Noise Conservation Measures

In terms of noise control to help with hearing conservation, there are several things an employer can do to help reduce noise without employing a noise control engineer. These actions are called “administrative controls” and include easy actions to decrease noise as well as ways to help employees avoid excessive noise.
The first thing one can do is to determine the greatest source of noise. Is there loud music or chatter, like in a sports bar? Is it loud machinery? At the source, one should make sure that all employees are using machinery and other devices properly and that all equipment is well maintained.

Noise can also be dampened in its path – as it moves through space from the source to the individual. One way to do so is to have sound-absorbing material around the source of noise. This can include carpeting, foam pads or spray, felt or cork. An example of a good use of these materials would be carpeting in an office with loud chatter or using foam pads around a noisy machine. Insulated walls or other structures can also be used to isolate noisy machines or equipment and protect multiple people at once.

Employees’ access to noisy environments should be limited to when they absolutely need to be exposed. This can be achieved in many ways such as isolating noisy machinery, placing signs or warnings to indicate levels of high noise, or even shifting work schedules to limit the amount of time each individual is in the noisy environment. Employers should also ensure that employees in loud environments have rest periods or time spent away from excessive noise. In our sports bar example, a well-dampened break room with carpeting and insulated walls can help give employees a break from the loud noise of the bar.

Employees may also use hearing protection devices that come in non-electronic and electronic versions. Beyond the cost-effectiveness of the nonelectronic types of devices, there are several other factors in choosing appropriate hearing protection devices. Some types of devices are outlined below:

While we want devices to be comfortable in the ear, the looser the fit the less effective the device will be. While softer ear plugs are more comfortable, harder plastic custom devices are better at attenuating loud sounds. Additionally, softer disposable devices need to be replaced far more frequently than harder plastic ones. In situations where employees need to engage in conversation while still being protected, active electronic devices may be more appropriate. Devices should also be convenient and available. For custom devices that aren’t disposable, a carrying case is useful to ensure that employees always have access to noise protection. Conveniently placed dispensers may be helpful to make sure disposable devices are always available.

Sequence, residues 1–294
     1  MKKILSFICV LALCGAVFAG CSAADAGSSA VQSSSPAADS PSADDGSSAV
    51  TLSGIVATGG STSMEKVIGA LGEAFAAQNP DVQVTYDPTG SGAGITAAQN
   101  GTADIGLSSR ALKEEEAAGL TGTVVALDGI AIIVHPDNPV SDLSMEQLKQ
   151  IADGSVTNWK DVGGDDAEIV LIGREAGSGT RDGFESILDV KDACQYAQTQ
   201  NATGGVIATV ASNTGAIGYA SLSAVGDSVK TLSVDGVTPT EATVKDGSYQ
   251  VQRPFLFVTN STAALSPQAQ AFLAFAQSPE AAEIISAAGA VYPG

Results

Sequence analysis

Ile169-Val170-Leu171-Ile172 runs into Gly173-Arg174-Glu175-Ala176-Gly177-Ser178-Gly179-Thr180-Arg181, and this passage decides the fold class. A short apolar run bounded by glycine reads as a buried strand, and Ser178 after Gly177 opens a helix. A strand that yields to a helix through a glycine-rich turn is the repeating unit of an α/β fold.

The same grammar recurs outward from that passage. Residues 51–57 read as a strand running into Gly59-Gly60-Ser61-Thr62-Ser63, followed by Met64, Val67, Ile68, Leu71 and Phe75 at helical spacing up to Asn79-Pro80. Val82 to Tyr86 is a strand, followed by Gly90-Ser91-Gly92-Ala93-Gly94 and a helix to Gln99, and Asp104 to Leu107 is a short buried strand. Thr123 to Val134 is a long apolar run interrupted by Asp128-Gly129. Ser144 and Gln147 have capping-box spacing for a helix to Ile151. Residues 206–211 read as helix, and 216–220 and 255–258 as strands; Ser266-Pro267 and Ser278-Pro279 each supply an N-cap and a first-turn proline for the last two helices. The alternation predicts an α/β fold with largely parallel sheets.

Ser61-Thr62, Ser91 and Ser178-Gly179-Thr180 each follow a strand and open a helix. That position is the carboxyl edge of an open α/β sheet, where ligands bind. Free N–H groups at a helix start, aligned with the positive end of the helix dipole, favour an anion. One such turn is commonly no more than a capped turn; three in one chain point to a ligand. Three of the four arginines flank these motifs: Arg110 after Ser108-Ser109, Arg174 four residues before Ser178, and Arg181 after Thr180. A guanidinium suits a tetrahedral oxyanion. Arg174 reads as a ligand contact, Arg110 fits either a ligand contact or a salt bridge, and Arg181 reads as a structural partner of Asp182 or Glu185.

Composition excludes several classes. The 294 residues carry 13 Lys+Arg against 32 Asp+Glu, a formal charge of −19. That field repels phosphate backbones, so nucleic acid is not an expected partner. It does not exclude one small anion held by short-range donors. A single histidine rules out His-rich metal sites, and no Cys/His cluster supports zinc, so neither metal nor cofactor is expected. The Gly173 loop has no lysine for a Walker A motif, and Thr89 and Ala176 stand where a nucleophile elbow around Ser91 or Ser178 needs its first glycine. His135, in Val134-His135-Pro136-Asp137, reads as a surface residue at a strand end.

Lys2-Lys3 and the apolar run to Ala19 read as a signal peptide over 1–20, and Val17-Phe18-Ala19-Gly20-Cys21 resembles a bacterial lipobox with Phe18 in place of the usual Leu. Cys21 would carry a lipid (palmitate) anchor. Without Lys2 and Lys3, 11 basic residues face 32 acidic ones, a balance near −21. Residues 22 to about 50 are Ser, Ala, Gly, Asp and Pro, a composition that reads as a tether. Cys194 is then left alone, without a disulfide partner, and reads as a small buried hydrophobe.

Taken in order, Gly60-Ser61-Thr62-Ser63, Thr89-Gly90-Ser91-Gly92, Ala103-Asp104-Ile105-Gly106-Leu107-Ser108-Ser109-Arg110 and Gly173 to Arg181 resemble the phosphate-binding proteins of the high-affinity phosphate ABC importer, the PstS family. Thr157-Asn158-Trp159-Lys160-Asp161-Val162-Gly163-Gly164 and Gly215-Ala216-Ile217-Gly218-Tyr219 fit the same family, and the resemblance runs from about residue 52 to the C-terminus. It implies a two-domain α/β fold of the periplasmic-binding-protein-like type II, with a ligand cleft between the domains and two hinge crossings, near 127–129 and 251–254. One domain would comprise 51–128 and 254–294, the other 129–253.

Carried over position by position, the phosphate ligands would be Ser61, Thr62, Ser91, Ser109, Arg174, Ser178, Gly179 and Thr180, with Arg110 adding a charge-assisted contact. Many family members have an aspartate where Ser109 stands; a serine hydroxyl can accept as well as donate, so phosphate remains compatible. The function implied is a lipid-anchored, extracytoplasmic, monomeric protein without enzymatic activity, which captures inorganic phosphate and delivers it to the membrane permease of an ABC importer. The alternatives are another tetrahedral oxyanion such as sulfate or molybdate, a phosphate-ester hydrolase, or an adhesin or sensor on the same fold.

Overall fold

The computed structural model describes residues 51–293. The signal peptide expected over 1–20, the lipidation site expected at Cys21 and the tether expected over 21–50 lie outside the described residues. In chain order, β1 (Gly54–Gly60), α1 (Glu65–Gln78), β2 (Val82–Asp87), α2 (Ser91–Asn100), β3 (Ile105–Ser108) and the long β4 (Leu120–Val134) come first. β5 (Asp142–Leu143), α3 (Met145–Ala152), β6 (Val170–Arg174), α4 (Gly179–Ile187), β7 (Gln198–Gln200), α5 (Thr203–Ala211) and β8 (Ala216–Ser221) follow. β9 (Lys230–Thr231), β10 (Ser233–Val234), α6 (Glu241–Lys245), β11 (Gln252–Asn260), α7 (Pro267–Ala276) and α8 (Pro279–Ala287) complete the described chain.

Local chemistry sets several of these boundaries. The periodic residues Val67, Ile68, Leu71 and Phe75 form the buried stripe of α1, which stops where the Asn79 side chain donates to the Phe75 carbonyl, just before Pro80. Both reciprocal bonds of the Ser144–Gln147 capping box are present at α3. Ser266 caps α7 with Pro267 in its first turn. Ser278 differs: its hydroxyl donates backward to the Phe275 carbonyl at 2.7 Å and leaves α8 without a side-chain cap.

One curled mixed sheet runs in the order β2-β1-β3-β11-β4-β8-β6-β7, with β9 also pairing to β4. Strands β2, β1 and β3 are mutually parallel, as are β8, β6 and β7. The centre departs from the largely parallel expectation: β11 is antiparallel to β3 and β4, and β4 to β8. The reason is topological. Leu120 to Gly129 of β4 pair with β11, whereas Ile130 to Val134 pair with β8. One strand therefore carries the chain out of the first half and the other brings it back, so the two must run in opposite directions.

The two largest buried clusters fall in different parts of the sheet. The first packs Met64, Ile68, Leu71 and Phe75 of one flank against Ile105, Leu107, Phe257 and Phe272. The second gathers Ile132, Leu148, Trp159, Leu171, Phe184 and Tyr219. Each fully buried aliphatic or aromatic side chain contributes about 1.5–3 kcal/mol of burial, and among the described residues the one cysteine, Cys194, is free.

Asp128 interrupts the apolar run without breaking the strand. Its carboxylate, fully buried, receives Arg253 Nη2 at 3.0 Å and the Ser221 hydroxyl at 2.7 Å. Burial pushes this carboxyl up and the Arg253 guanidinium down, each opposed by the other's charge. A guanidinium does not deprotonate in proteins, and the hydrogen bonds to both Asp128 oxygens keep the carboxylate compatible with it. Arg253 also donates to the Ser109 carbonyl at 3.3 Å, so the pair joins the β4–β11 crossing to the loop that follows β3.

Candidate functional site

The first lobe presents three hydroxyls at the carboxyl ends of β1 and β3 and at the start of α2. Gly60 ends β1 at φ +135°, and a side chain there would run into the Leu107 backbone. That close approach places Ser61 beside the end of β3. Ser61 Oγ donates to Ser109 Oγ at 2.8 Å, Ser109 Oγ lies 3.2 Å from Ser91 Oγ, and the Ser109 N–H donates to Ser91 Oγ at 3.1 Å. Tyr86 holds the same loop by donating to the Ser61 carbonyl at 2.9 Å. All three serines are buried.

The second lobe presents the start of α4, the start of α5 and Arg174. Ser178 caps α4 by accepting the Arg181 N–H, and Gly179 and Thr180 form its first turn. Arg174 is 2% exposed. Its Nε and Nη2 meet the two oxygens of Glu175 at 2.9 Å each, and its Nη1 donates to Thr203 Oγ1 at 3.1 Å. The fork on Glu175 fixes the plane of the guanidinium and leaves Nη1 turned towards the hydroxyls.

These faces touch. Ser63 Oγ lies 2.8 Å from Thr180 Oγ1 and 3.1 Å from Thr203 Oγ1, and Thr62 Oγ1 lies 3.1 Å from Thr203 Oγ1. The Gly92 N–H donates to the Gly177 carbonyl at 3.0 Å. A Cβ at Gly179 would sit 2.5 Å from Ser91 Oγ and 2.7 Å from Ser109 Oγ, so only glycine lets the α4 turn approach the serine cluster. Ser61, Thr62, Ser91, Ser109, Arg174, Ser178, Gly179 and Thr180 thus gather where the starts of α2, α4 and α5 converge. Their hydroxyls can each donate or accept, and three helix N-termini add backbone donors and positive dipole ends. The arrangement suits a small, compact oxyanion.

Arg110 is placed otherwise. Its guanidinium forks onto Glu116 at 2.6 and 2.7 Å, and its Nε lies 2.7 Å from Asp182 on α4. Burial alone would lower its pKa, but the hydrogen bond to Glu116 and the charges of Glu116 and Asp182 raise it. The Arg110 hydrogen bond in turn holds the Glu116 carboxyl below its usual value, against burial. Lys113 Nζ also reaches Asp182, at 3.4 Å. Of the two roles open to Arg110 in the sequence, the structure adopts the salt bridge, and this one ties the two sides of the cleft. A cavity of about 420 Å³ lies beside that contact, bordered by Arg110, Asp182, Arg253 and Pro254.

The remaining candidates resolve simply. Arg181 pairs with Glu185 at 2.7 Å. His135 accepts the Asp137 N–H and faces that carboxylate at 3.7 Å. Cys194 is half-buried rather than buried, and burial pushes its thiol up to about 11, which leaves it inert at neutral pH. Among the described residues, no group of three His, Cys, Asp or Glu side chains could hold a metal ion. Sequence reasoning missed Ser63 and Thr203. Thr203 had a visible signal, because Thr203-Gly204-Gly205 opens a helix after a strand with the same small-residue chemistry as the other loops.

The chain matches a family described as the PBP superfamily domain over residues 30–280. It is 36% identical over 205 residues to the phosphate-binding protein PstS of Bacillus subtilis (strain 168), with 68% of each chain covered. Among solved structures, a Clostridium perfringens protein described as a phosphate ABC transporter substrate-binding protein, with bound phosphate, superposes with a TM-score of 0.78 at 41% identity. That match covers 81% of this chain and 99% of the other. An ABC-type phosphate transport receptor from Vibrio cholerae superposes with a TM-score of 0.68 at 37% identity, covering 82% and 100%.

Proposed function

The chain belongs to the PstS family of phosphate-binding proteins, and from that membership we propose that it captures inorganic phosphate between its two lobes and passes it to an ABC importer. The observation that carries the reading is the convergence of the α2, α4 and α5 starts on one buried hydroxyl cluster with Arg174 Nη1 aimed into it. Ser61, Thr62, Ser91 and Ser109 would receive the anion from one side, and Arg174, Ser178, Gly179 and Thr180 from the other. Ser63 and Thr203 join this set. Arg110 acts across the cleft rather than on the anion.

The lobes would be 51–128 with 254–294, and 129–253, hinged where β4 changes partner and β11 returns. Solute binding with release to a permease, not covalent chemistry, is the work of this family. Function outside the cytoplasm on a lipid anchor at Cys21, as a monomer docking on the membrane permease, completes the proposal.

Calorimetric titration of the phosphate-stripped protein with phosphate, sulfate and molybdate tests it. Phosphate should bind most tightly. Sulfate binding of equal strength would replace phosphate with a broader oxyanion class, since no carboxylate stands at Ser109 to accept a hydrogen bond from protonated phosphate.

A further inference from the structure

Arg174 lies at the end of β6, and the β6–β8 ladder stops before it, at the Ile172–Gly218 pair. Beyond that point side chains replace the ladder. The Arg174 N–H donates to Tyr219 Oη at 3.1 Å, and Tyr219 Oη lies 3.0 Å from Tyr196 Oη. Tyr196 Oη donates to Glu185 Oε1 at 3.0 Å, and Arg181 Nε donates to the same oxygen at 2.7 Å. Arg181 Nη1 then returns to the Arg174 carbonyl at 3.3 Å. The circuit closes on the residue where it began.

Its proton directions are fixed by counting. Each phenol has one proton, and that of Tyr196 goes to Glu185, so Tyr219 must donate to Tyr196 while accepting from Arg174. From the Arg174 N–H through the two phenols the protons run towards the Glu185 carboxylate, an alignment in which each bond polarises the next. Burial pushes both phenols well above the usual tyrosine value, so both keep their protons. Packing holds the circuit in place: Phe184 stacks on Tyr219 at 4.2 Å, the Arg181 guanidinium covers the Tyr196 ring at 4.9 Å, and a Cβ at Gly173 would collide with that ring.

Appropriate insertion is also an important factor. When beginning to use hearing protection devices at your workplace, a training on proper use and the importance of noise protection is helpful to ensure hearing conservation measures are optimal.

While hearing protection devices are a great idea, there are some things that limit their effectiveness. In terms of the disposable foam devices, some extremely loud sounds can pass through this foam. An airtight seal is also needed with all devices to keep sound from getting through any gaps in the fit. Overall, these devices aren’t perfect, but along with the workplace adjustments mentioned above, effective noise reduction and hearing conservation can be easily achieved in your place of work.

How Loud is Too Loud? Part One: How Loud Noise Effects the Ear and Hearing

Key Points

• Sound waves move through the outer and middle ear and are then sent to the inner ear. Within the inner ear are small hair cells which transmit sound information to the brain.
• Loud sounds sent through the system can cause these hair cells become damaged and can even die. This damage can occur all at once with an extremely loud sound, an acoustic trauma, or slowly over time.
• The National Institute of Occupational Safety and Health (NIOSH) estimate that 30 million Americans are exposed to dangerous noise levels daily. Hazardous noise is defined as that which exceeds 85 dB if an individual is exposed for an 8-hour day.
• Noise-induced hearing loss quantifies the hair cell damage caused by loud noise exposure. Noise-induced hearing loss can present as a decrease in a person’s ability to hear sounds at different frequencies, or as a difficulty understanding in noise.
• Do you need to speak louder when talking to co-workers? If your employees complain about sounds being too loud, have difficulty understanding one another, or complain of diminished hearing at the end of the day, it might be time to invest in some noise conservation measures.

In order for us to hear, sound must travel through the complex system that is our ear. As described in the figure above, when sound enters the ear through our ear canal it moves to our ear drum. The ear drum, or tympanic membrane, is vibrated which sending sound waves through three tiny bones in our middle ear called ossicles (malleus, incus, stapes). These ossicles then send the sound wave through the inner ear, the organ of hearing. Within the inner ear, or cochlea live delicate hair cells which move and bend to send sound information to the brain. When an average sound is sent through, the hair cells move within incident, snapping back to their normal state.